was growing up I rode a bus to school. It was one of those
big yellow school buses that hold lots of children. A world
of experience happened on those buses, and it was on that
bus that I first developed a concept of leadership. All because
of Mr. Torgeson.
Mr. Torgeson was our bus driver. To most
of the adult world, he probably appeared to be an ordinary
man. I realize now that he must not have ranked high in
the social and economic hierarchy, but to those of us who
spent time with him every day, he was a consummate leader.
I never heard Mr. Torgeson raise his voice.
I never saw him lose his cool. Quiet and steady, calm and
peaceful, in his daily actions he served his community.
As a result, in some inexplicable way, his presence altered
our destinies. On our bus, kids didn't get into fights.
On our bus, children showed up on time. On our bus, everyone
knew what it felt like to be respected.
This was not so much the case on other buses,
or when other bus drivers drove our route. That's how I
knew that the difference was Mr. Torgeson.
Contrast this with our cultural images of
leadership, exemplified by real estate mogul Donald Trump
and his trainees in the reality-TV show "The Apprentice."
That kind of leadership is about winning. It's about doing
whatever it takes to come out on top. It's about rallying
the troops and charging ahead. Above all, it's about making
money. For me, it raises this question: Money-centered leadership
may create a lot of money, but does it create a better world?
That is the crux of the challenge that faces
those who would be leaders with their money in a culture
that places so much importance on wealth and its amenities.
When making money is what matters in a society-not how ethically
it is made, not how humanely employees are treated, not
how much good is done with the money once it is made, and
certainly not how those who are making the money live their
lives-how do you use your money and the influence it brings
you to counteract cultural stereotypes about leadership?
How do you lead with money in a way that creates a better
life for all?
As I was interviewing people for this issue,
I noticed something I had not specifically thought about
before: that leadership, by definition, occurs in community.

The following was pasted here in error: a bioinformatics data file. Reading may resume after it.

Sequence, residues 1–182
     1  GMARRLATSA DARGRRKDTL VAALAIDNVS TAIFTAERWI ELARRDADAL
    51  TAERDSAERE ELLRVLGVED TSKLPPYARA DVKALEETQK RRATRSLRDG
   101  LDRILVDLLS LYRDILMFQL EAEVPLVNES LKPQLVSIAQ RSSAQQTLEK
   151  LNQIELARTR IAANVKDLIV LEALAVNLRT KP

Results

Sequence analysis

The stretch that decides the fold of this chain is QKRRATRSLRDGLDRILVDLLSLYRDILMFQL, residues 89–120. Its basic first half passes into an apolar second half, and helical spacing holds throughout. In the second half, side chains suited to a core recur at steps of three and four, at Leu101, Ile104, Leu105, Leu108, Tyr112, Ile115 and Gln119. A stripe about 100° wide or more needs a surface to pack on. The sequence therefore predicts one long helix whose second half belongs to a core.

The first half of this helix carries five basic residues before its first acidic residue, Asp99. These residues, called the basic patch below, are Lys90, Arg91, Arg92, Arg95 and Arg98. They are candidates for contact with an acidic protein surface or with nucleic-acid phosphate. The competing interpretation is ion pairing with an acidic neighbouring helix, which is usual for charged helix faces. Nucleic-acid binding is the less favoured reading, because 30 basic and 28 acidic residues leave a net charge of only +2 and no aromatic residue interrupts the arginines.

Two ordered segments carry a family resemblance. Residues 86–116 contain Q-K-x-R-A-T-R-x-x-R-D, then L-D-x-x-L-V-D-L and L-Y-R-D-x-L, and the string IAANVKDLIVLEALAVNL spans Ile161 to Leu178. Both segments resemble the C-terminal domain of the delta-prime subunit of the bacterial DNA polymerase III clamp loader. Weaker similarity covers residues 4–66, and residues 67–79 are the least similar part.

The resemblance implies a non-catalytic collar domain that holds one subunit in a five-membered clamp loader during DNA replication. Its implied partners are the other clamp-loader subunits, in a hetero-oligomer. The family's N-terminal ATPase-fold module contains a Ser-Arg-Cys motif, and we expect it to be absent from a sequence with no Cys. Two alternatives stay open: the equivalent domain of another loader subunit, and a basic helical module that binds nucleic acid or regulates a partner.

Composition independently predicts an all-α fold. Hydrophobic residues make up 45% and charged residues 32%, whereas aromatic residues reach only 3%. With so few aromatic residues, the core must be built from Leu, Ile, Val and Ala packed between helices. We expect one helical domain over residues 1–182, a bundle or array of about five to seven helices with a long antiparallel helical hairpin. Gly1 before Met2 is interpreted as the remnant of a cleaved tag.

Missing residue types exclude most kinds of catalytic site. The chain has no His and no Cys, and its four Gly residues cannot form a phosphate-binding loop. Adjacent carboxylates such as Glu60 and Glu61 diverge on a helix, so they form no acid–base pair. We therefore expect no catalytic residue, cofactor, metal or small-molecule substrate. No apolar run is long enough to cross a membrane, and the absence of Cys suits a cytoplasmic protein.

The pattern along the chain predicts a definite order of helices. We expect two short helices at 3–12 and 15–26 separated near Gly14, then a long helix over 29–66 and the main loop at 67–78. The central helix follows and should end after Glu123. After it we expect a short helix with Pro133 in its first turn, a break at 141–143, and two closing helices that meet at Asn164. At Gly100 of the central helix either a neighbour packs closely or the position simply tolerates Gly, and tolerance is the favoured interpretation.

A "leader," as a created identity, exists only in relation
to others. As David Friedman notes (p. 14), a true leader
is here to serve his or her community. Like Mr. Torgeson
serving the community of bus-riding children, their parents,
and school officials, leaders lead by contributing to the
common good, whatever role they play in their community.
This kind of leadership was subtly captured
in a story by a Russian author that I once read. It was
about a woman who lived a simple life in a community filled
with everyday trials and tribulations. She welcomed those
who came to her door, provided space for conversation and
connection, and gave simply from what she had. Of this woman
the author wrote, "She was the one woman without whom the
city could not stand."
How many of us are that one woman or man
in our own communities? I wonder: What if each of us were
to become that one? Not as the stereotyped image of an aggressive
and in-command leader, but through the contribution we make
by the force of our character, the generosity of our gifts,
the integrity of our values, or the simple power contained
in the respect we hold for others? Isn't that, in the end,
the kind of leadership that creates a better world?
This journal issue is meant to help us examine
our assumptions about leadership and money. What are our
images of leadership? What does it mean to exercise leadership
with, or in relation to, money? How do we lead in ways that
help, not hinder, our cause?
Such questions raise others: Who gets invited
to lead-and who is kept away from the table? Are you a leader?
Do you want to be? What holds you back, and what sets you
free to lead?
There is much food for thought in this issue:
Bob Kenny's ruminations on the imperfect but far-reaching
leadership of America's founders; Robert Fuller's reflections
on the problem of "rankism;" Rod McCowan's insights about
the influence of money on leadership in the public, private,
and nonprofit sectors; Ruth Ann Harnisch's practical tips
for those who are asked to lead; personal stories chronicling
the leadership journey. As always, however, this one publication
can only scratch the surface of the topic. The rest of the
discussion, reflection, and exploration fall to you. Each
of us has our own deeply rooted experiences with leadership.
Each of us brings unique insight to this topic. Ultimately,
the question this journal issue raises is: What is your
leadership role and how will you live it out?
Pamela Gerloff, Ed.D., is editor of
Than Money Journal
. Her prior publications and consulting
work in schools, businesses, and nonprofit organizations
has focused on learning, growth, and change. She holds a
doctorate in human development from Harvard University.
The views expressed in
More Than Money Journal
are not necessarily those of More Than Money. We encourage
and support respectful dialogue among people of diverse
viewpoints. In each journal issue, we provide a range of
perspectives on a topic to stimulate reflection, conversation,
and inspired action.
© 1990-2005, More Than Money, All rights reserved